My first reaction to this – it’s such a ‘warm’ scent. It’s very incense-y and I get a lot of pepper (Sichuan pepper to be exact, as per the notes) and at first I was concerned because it is not the coldest of days, but I felt the scent as not very heavy, even with those warm notes.
I like the scent quite a bit. It is nicely layered, and there are tonka beans, and tobacco in the base notes to make it interesting. What is great about it is that you get whiffs of all the notes still in the end – it may sound dense but it gives a very light and airy incense-y feel. It smells quite niche-y and expensive, and will suit a black tie affair as well as an office scent. You get the feeling of ‘dressed up’ with it.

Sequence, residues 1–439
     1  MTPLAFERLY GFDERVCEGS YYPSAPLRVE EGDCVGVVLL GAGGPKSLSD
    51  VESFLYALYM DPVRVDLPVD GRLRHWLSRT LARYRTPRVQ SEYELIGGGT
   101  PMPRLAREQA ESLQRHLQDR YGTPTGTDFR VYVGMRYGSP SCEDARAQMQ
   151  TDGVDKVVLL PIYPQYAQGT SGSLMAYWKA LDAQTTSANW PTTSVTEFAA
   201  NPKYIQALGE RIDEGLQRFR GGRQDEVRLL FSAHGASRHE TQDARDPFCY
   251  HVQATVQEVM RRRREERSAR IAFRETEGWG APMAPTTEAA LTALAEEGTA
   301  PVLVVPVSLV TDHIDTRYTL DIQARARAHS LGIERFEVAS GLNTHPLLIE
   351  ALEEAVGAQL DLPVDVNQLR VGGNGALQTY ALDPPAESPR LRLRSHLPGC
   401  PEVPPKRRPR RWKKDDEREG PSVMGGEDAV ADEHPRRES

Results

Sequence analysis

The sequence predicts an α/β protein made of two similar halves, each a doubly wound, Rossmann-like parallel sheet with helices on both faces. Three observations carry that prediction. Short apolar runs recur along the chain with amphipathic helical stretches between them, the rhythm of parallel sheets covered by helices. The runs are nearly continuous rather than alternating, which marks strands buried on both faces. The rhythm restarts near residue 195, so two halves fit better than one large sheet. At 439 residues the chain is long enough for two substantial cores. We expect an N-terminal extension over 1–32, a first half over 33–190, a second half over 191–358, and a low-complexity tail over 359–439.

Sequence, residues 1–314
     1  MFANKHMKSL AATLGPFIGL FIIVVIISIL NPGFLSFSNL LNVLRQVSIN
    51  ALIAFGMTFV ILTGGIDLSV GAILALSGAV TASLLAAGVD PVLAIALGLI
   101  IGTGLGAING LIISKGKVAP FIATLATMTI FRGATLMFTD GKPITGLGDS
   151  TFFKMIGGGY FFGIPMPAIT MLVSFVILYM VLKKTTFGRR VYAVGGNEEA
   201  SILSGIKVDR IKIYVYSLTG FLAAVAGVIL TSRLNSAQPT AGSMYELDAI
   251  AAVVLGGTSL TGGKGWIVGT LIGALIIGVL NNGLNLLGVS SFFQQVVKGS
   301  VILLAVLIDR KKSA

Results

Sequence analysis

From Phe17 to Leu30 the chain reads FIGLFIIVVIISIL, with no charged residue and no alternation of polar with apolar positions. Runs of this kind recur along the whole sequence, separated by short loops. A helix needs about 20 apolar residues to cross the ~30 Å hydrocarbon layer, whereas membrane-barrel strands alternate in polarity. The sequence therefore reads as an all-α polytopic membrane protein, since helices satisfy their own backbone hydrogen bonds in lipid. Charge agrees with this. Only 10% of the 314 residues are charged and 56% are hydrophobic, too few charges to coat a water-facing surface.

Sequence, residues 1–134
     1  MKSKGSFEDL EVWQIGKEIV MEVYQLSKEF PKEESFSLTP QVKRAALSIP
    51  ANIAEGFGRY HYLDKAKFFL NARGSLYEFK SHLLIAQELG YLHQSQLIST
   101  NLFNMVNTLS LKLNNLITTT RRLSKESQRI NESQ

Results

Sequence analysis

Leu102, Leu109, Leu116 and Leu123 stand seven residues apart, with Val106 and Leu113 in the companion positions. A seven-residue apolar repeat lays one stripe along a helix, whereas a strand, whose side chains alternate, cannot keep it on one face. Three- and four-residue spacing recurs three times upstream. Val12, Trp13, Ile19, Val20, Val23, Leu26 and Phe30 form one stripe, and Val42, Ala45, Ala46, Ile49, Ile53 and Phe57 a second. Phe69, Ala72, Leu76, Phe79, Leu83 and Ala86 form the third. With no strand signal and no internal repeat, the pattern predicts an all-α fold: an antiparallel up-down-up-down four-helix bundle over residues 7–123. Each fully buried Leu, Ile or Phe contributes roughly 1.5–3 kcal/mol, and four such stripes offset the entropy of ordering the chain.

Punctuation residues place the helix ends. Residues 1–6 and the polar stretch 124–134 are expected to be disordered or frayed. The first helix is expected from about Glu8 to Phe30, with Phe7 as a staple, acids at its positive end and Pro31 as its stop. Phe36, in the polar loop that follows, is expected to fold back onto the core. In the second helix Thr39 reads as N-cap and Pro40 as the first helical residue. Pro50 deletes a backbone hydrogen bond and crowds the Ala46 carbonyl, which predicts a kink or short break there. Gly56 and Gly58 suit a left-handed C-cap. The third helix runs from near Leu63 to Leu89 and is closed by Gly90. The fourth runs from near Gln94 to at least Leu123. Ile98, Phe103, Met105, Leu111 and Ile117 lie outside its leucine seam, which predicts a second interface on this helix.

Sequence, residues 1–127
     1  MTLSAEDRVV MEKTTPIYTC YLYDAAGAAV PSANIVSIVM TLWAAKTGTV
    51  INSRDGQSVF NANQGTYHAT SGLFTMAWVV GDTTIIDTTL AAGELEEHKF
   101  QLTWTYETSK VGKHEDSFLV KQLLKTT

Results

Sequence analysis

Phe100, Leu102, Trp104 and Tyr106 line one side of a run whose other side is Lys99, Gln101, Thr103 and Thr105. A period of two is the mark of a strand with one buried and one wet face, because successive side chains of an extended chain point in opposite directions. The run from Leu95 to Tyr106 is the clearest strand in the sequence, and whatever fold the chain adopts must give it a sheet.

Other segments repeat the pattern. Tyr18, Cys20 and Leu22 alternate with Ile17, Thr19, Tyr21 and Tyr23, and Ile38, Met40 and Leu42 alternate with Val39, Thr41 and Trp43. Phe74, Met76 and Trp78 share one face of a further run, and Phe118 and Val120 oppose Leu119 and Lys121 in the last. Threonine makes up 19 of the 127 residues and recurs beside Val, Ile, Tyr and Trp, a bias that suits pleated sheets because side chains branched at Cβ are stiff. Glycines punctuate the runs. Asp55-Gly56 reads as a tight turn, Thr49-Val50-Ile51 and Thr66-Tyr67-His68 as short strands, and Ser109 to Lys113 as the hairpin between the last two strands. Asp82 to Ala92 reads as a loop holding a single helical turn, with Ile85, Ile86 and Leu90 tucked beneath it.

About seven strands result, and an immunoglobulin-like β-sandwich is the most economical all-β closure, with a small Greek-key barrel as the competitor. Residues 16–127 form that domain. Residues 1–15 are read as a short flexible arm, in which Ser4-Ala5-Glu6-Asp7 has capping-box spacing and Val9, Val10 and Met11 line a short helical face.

Where are you going, Jo Malone? I was just testing their other new release, ‘Grapevine and Cypress,’ and was commenting how commercial and generic it smelled. And now I am testing ‘Fig & Lotus Flower’ and am similarly puzzled.
First of all, it smells a little bit away from their aesthetic. Yes, it’s kind of a floral, but the lotus flower is so muddled, and in an aquatic way – it smells like dirty water. Look, I like – even love – scents that smell dirty, but here the effect is just unpleasant.
And if you were looking for a fig scent, you won’t find the green sappy kind here. You get a milky kind of fig, and it kind of just sits there. So if you analyze both big notes – they are both uninteresting for me. Worst of all, the dry down is your basic Jo Malone generic woodsy mix – I mean, they can’t even commit to their original idea. This is the closest thing to a scrubber for me in a long time.